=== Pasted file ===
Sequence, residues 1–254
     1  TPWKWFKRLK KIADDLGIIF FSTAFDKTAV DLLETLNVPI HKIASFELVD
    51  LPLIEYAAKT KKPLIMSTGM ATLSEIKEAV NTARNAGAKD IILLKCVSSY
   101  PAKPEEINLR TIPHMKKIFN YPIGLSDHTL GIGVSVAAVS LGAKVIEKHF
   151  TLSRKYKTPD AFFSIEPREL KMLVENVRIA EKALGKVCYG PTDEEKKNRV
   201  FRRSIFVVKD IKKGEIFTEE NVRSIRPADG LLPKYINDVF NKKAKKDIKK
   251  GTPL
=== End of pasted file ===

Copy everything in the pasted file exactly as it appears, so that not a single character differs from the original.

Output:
Sequence, residues 1–254
     1  TPWKWFKRLK KIADDLGIIF FSTAFDKTAV DLLETLNVPI HKIASFELVD
    51  LPLIEYAAKT KKPLIMSTGM ATLSEIKEAV NTARNAGAKD IILLKCVSSY
   101  PAKPEEINLR TIPHMKKIFN YPIGLSDHTL GIGVSVAAVS LGAKVIEKHF
   151  TLSRKYKTPD AFFSIEPREL KMLVENVRIA EKALGKVCYG PTDEEKKNRV
   201  FRRSIFVVKD IKKGEIFTEE NVRSIRPADG LLPKYINDVF NKKAKKDIKK
   251  GTPL